Podcast: Play in new window | Download (49.7MB)
[audio:19_Pigs.mp3] (43:24) This week we talk about giving narcan, should you give nitro before or after getting an IV. Can an IV of Lactate’s Ringer cure a hangover?
We talk about doing patient assessment the same way every time and and getting your reports done quickly. Can an experienced paramedic get a pulse without a watch? Well you newbies can’t, so wear your watch. Looking for patients on scene and finding ones that weren’t there before.
Aimee Binning from NAEMT talks about the TACOS acronym
Naloxone: The Most Abused Drug in EMS
Get complete information on the The Confessions of an EMS Newbie Podcast.
Subscribe or review on iTunes.
Subscribe or review on iTunes.
9 thoughts on “Ep 19 Thank God For Pigs”
As a former miitary medic, I can indeed confirm the LR IV for hangovers… it worked even better with high-flow O2. Oh, and if YOU were the medic, you got to start it on yourself. It takes a special sort of desperation to start one backwards, upside down and on yourself. Avoiding that particular experience is highly advisable!
On the jackets, a good source of inexpensive and field-tested jackets is the local military surplus store. Most military jackets come with liners, come in black or blue and have been extensively tested in various conditions, then you can add reflective tape pretty inexpensively if you want it. Galls.com is also a pretty good source if you want specific EMS jackets. Spending the funds on one with a layering system is worth the money because it can be adapted to various temps throughout the winter, and even your shift, if necessary. Of course, your best bet, since you are heading to the TX EMS Conference, is to inspect the offerings there and wait until the last day to buy… they are usually heavily discounted because no one wants to pack them up and carry them home. Happy shopping!
Ron, did you have any especially memorable experiences during your clinicals that you have not mentioned? Mine have been really, really interesting… brain surgery, funky cardiacs, CPR with lesions to the chest from the compression device, scoping/ulcer cauterization and removal of gastric ulcers, etc. Still got a few more clinicals to go, so I’m sure I will be adding to that list. Never a dull moment!
Christine, I am the biggest white cloud in the universe. I had nothing happen during any of my clinicals. I’m trying to get the cloud to go away. I’m doing an ambulance shift Halloween night in the rough area of Houston. It is my white cloud vs the hood on the devil’s day.
Good luck! Should be a fun night!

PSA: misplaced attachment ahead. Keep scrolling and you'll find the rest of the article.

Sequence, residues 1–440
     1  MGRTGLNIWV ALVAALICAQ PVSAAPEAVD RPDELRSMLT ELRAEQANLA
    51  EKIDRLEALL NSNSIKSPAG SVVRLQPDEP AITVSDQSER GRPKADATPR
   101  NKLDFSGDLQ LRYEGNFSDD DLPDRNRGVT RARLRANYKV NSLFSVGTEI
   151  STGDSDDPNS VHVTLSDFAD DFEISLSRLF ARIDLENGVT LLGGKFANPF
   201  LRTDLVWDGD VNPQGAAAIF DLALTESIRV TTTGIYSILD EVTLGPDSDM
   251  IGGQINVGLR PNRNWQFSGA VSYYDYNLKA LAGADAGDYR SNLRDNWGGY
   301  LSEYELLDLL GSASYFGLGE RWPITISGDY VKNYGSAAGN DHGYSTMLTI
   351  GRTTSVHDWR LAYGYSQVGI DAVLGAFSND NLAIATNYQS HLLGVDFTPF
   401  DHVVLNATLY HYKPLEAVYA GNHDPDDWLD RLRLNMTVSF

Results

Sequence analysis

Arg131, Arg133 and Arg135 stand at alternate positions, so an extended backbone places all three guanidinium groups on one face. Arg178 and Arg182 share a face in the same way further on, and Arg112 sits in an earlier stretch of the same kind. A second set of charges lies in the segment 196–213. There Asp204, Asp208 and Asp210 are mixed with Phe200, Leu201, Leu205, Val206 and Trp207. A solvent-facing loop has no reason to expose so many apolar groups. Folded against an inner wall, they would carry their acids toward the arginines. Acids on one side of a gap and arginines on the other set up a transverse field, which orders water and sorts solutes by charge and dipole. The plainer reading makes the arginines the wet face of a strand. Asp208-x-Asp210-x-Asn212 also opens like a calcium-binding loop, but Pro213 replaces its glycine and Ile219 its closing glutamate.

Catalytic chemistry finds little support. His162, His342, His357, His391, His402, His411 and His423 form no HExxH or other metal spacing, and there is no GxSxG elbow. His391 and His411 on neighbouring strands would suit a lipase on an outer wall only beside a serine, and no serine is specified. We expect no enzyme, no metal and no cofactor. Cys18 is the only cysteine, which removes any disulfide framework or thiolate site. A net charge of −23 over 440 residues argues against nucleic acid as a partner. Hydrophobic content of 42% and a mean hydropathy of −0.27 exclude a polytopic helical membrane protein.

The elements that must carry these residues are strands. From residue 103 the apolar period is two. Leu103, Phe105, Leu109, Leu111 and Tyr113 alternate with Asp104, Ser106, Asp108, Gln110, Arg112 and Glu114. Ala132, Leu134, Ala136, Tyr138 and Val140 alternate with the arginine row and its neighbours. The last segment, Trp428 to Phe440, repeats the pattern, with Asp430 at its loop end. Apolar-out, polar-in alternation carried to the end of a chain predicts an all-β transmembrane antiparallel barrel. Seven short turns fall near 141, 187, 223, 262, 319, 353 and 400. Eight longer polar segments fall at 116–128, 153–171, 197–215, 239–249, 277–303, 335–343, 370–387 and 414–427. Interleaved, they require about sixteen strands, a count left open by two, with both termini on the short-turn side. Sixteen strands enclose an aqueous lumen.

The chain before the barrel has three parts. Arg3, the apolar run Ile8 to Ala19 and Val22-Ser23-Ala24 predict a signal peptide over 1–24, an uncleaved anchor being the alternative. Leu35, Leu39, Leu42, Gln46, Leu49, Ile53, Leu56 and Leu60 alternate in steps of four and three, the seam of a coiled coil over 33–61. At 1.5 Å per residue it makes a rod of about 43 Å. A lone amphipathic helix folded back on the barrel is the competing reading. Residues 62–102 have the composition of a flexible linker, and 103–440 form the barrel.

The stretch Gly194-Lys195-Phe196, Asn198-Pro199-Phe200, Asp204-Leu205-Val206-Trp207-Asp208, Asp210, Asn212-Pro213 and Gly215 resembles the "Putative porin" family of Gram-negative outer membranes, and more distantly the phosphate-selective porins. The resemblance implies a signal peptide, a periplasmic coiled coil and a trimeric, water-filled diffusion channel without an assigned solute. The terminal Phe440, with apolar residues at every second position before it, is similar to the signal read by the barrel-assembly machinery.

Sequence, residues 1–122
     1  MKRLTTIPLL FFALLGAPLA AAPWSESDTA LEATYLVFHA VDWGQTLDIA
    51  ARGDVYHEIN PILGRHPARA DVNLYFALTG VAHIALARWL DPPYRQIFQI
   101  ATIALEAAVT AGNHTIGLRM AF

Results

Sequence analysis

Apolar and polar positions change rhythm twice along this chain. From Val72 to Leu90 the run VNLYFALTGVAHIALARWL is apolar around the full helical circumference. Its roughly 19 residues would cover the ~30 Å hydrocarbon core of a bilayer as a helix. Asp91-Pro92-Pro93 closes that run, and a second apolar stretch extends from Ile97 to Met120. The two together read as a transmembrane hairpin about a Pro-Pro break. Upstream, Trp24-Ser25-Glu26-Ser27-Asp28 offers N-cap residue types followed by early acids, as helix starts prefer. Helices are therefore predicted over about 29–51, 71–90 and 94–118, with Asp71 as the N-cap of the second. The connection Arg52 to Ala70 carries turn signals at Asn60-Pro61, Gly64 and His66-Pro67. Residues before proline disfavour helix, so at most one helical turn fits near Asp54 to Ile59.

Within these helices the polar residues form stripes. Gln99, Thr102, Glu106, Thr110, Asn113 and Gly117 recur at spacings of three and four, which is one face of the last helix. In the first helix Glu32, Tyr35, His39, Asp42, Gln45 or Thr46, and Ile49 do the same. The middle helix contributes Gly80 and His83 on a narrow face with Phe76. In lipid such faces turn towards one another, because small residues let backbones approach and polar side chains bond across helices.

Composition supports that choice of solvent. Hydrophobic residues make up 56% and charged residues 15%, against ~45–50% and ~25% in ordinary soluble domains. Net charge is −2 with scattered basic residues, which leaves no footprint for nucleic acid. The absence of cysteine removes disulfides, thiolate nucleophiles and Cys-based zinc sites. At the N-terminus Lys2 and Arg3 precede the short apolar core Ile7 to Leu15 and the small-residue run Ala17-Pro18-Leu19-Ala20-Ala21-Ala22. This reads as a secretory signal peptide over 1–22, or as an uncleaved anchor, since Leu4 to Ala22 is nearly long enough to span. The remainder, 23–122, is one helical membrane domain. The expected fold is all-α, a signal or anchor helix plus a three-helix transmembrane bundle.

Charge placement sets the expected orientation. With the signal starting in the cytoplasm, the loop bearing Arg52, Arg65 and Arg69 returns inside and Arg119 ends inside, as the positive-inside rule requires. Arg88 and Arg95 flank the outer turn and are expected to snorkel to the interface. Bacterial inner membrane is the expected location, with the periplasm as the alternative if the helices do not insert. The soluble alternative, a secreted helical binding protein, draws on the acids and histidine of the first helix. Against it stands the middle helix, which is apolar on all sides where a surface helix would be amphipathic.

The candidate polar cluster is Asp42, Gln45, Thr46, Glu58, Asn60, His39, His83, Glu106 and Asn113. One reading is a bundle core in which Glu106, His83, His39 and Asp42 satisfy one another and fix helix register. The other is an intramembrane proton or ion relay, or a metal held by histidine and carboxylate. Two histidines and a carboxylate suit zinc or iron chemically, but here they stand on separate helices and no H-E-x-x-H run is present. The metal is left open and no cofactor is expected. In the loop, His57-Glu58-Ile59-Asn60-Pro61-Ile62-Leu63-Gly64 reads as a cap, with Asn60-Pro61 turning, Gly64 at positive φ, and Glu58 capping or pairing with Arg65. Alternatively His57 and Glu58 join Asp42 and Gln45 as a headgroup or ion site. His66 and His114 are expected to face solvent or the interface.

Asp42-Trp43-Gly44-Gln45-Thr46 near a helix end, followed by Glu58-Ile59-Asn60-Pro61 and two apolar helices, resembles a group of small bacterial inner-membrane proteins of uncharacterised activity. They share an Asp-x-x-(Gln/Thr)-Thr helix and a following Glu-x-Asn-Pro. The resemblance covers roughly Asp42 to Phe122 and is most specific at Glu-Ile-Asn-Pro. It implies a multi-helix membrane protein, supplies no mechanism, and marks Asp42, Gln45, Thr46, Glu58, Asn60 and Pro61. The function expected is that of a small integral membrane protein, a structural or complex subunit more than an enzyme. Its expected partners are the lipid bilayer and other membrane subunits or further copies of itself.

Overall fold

Sexual Enhancement Drugs
Thank you, Greg!
S = Sexual/Street Drugs
🙂 Thang Greg for Getting the word out there!
Well, I’m going through the archive catching up, however backwards.
You were talking about airway anatomy at the pig lab. One excellent source actually is Youtube. For example, here’s a video of a physician performing an awake needle cric (with assistance) followed by intubating himself with a fiberoptic scope. http://www.youtube.com/watch?v=bDRTzmuwMnQ&feature=player_embedded Similarly, one thing you might want to try is emailing any local medical schools (I don’t know where you’re at) and try to get permission to visit their anatomy lab.
For medications and TACOS acronym, that really covers two different parts of the assessment. Medications, which includes prescribed, OTC, and supplements, and then social history, which includes tobacco, alcohol, and recreational drugs, as well as other elements that have varying amounts of importance, such as job and sexual history. Of course this also really depends on how you structure your exam and your specific way of writing your PCR. If you follow a traditional SOAP format for PCRs, social history is recorded separate from medications.
A special note about sexual history, I highly suggest taking a sexual history of every patient until you get comfortable with it. It’s very… awkward… the first couple times you go down the route of, “Ok, I need to ask a few personal questions to get a better evaluation of your health. (I personally put my disclaimer before the alcohol/tobacco/recreational drugs part) Are you sexually active? Men, women, or both? One partner or many? Do you use protection? …and so on. Does every patient need it? Not really, but every GU, GI, or abdominal pain (especially in females) should get those questions asked and you need to be completely comfortable asking it before broaching the topic.
Comments are closed.